And what a delightful little town Turnhout turned out to be! Nice friendly port, with cheap beer at the club house; nice sized town with large central square with lots of bars and cafes and generally a welcoming atmosphere.
And some interesting things to see.
The Harbour Meester told us we MUST visit the playing card museum. Didn’t exactly inspire us but it really was good!
Turnhout is a centre of graphic industries with its most well known product being playing cards with a production capacity of approx 600,000 decks per day. It is the most important exporter of playing cards in the world, maintaining a centuries old local tradition. Earliest known reference to cards is apparently a bill of sale from the duke of Brabant dated 14th May 1379!
The museum houses an impressive array of printing presses and describes the different methods used over the centuries and how the manufacture of playing cards was developed alongside the technical developments of the presses – from simple presses o the huge, noisy steam machines. Strongly reminded me of my college days when one of the crafts we had to learn printing, using little Adana presses and how these could be adapted to provide particular movements for patients! I even used printing in one of my early jobs in Milton Keynes. Memories!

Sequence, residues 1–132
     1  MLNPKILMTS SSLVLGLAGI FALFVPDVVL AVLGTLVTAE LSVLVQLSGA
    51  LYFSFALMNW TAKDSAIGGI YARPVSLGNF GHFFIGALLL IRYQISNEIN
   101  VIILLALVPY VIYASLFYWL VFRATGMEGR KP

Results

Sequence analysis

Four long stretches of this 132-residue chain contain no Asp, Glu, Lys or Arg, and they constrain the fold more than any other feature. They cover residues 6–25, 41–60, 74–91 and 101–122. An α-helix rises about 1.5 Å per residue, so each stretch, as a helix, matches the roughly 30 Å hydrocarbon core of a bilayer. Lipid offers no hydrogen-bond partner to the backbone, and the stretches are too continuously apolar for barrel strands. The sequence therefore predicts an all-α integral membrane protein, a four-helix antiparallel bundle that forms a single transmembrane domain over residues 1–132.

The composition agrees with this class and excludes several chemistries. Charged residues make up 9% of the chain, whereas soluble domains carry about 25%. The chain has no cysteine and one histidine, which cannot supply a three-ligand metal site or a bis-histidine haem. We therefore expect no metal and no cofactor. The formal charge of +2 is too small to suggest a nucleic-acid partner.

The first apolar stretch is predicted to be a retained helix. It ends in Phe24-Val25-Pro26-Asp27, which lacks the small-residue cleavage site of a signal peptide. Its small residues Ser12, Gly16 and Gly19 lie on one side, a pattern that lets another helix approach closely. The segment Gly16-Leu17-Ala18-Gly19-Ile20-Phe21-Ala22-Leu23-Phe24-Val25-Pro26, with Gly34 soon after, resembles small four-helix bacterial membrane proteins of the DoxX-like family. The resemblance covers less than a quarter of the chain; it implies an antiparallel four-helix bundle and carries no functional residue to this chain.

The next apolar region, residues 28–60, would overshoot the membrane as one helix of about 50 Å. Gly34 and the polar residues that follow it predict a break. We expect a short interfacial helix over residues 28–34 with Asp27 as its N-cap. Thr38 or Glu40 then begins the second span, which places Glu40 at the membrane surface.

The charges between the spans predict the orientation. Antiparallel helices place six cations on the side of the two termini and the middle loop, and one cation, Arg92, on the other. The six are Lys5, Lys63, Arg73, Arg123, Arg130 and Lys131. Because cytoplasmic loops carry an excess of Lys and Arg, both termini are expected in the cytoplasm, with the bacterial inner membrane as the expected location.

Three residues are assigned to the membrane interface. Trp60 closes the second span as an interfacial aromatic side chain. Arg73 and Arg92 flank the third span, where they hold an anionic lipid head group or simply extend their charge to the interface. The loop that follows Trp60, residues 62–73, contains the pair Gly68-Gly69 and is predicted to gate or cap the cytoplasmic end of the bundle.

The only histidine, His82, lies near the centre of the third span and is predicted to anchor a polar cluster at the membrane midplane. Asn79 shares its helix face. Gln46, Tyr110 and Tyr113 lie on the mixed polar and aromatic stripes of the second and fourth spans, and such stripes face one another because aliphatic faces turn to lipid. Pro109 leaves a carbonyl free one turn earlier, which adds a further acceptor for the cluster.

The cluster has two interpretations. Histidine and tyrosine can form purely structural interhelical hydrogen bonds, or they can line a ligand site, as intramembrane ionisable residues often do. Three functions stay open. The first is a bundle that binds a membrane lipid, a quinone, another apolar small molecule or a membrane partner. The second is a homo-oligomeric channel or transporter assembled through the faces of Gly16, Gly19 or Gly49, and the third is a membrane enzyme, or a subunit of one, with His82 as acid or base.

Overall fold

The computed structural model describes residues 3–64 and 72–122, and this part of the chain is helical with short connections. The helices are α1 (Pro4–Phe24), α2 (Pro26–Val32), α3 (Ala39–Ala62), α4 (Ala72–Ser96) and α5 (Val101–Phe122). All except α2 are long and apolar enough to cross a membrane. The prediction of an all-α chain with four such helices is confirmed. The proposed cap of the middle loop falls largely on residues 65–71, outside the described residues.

Another aspect of cards shown was how old cards were recycled. Paper was expensive and so old cards were used in all sorts of ways – shopping lists, invitations, menus, letters / notes. There is a whole area of exhibits that one collector has displayed, describing what each exhibit shows and where and how he obtained it. One that particularly moved me simply said ‘ née premier avril, pas baptimée’ (born 1st april not baptised) a card tucked into baby’s shawl when she was left outside a convent.
We both agreed with the Harbout Meester that the playing card museum was indeed a ‘must’!
We also visited the Beguinage (which I shall talk about in a separate blog), St Peter’s Church, the market place, a car boot sale and the Castle of the Dukes of Brabant.
Unfortunately the latter is now used as the courthouse so it is not possible to go inside. And we finished off our visit to Turnhout with dinner at a local hostelry with Jo & tim from Maria of Zandam who were also moored there. It was really good to catch up with them before we each headed off in different directions on Monday morning. Will next see them in October in Bruges.